Burn : Noun, Origin : Old English – “a small stream”.
The crackling of the river Lour as it flows unmindfully through water trails built over centuries. Ripples haphazardly bouncing off each other, brushing against the green foliage on the banks, tumbling over round rocks, smoothened by years of soft abrasion. The soft spring water with its trickles, drops and mumblings is what in Gaelic translates to Aberlour – Mouth of the chattering ‘burn’!
James Fleming gave Aberlour not only a distillery and a means of livelihood, but also gave the village a hospital and a suspension bridge over the river Spey. And even to this day, the nice folks at the distillery empty a bottle of their 12 YO single malt into the river at the start of the Salmon season every year; an offering, hoping the local fishermen are blessed with a gracious catch. “Let the deed show” – a phrase that is held with great regard, now and then – ever since it’s resurrection in 1879.
This younger sibling from the Aberlour stables is a concoction of spirits aged in traditional ex-bourbon barrels and sherry butts for a minimum of 12 years. The distillery sources all its produce locally, within a fifteen miles radius. And any leftovers rendered are used either as cattle feed (barley) or given back to the river. The 12 year subjugation to the sherry seasoned casks might lend a darker shade to the whisky, but the distillery still sins with the addition of E150 and chill filteration.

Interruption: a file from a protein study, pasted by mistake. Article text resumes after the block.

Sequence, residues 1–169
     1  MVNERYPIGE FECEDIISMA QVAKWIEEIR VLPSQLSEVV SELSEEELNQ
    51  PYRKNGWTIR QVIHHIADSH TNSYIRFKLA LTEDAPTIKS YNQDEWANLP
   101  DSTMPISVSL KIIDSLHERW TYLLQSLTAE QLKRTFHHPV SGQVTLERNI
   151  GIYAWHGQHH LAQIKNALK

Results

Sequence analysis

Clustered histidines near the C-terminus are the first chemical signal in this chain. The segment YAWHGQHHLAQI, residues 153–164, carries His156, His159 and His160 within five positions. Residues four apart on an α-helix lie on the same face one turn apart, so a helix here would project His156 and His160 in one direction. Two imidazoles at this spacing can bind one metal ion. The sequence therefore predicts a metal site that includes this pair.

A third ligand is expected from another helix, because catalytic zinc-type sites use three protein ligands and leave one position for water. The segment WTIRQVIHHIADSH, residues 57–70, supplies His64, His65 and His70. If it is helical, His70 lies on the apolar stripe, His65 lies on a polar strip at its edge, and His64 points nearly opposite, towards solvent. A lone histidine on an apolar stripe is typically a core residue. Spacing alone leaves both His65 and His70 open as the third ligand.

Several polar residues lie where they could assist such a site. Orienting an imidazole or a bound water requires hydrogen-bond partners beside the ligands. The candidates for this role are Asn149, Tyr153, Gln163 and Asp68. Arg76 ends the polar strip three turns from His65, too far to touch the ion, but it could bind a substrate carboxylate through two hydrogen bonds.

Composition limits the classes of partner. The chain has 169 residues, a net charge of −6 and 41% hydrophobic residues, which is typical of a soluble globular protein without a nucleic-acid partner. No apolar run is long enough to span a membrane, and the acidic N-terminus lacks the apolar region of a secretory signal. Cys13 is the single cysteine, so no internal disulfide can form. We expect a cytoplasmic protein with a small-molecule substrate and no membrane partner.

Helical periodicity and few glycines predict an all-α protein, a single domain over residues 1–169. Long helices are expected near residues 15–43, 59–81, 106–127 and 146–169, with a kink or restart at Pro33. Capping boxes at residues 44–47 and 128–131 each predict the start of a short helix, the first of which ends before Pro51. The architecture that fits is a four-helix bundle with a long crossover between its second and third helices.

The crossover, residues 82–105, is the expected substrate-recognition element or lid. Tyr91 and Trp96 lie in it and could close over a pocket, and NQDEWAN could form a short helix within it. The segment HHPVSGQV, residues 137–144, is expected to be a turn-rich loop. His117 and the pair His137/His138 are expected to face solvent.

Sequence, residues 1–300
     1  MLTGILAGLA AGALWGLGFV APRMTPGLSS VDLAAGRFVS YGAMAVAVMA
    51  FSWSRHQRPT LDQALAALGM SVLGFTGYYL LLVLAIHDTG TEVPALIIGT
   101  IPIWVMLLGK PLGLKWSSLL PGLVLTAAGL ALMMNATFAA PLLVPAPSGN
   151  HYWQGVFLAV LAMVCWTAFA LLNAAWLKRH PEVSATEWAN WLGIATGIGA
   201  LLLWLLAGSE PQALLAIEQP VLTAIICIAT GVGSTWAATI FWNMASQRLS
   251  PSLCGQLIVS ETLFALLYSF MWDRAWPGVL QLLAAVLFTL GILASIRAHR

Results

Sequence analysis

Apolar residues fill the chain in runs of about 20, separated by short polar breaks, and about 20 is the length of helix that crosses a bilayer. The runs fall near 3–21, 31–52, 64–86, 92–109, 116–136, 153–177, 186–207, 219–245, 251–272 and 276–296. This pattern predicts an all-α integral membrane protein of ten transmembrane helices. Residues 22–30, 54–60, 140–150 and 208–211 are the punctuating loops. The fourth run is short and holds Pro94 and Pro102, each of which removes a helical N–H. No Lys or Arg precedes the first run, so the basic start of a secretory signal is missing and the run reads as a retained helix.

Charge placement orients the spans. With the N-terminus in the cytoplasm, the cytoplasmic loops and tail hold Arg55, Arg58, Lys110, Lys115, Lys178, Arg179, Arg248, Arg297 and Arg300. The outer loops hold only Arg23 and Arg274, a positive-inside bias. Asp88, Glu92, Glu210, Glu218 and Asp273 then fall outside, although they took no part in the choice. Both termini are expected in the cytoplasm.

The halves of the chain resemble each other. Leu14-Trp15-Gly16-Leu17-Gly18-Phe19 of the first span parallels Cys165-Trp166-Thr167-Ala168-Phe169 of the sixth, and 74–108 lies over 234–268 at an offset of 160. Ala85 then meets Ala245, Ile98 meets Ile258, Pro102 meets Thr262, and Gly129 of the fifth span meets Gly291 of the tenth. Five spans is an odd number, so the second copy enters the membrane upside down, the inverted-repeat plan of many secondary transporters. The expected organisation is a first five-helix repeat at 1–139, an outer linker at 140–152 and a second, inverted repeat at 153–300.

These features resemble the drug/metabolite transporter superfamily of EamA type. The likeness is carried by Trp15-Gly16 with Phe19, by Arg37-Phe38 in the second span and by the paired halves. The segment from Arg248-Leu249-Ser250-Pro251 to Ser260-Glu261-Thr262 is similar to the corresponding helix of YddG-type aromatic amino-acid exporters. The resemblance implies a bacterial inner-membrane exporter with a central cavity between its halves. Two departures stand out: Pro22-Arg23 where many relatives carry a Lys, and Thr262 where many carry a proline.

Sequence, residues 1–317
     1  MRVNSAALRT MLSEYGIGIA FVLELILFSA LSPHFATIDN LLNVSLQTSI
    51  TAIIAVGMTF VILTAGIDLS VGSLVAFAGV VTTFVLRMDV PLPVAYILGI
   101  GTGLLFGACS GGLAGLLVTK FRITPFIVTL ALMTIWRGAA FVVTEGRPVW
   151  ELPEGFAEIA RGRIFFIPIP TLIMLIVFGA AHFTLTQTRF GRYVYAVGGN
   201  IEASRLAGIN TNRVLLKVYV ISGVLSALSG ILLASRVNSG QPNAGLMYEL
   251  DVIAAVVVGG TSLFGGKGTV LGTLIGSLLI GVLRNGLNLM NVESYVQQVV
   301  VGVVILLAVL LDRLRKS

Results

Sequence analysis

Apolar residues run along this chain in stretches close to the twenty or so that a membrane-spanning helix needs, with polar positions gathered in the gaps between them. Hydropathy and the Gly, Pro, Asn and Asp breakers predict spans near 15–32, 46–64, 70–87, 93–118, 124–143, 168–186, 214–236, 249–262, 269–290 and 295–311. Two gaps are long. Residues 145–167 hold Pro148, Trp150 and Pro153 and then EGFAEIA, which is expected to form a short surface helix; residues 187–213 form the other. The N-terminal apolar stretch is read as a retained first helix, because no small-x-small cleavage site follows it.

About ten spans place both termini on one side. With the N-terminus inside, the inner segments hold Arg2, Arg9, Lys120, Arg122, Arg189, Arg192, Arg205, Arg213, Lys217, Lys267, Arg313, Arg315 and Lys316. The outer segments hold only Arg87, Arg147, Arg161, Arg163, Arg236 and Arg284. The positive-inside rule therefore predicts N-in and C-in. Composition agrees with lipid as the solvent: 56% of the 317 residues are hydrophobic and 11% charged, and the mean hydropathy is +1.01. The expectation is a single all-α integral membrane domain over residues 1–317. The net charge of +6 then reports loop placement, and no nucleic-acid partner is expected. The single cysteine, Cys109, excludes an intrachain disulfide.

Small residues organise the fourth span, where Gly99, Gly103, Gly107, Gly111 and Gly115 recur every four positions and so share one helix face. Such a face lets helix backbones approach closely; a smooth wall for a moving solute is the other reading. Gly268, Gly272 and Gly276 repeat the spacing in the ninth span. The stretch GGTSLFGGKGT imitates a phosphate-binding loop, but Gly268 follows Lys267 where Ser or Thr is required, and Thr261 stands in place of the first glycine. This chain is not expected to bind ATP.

The bottle is loud and subtly bold but in a good way; smooth round curves with a broad neck and a wine bottle like inundation at the bottom. The dimensions of the bottle give it a premier feel and the larger than large cork adds every bit to its stature.
ABV : 40%
Eye: Deep copper
Nose: Creamy, owing to the presence of barley and sweet with the richness of brown sugar, vanilla and ‘rum and raisin’ milk chocolate. Cutting through the sweetness is the mild earthiness of damp wood and grass, followed by the zest from citrus peels and tangy green apples. Dried dates, juicy plums and bits of cantaloupe soon taper off revealing ginger, bits of cardamom and white pepper.
Taste: Christmas cake and caramel takes center stage, infused with dates, honey, cherries and dark fruits with the sherry influence resonating through. Surely enough you can sense the damp oak on the palate and the soft burn of pepper.
Finish: Medium – Caramel toffee, mild influence of dry fruits and pepper.
This 12 YO malt is medium bodied, silky and mildy dry, maintaining a very desirable balance between traditional ex-bourbon and sherry oak. Breadth to me was more former dependent and depth, latter dominant. The malt though very much Highland, does exhibit a very Speyside-like nose. And it’s not all that surprising considering the distillery is nested comfortably between the river Lour and the Spey.
At AUD $80, the Aberlour is worth every buck and is a pleasure to sip on. Dried fruits, plums, caramel toffee and a pinch of earthiness, all combined just right to form a lovely unison that’s hard to walk away from. And for those who can do without peat, chances are you might have some space saved up in your cabinet for this little Highland tuple.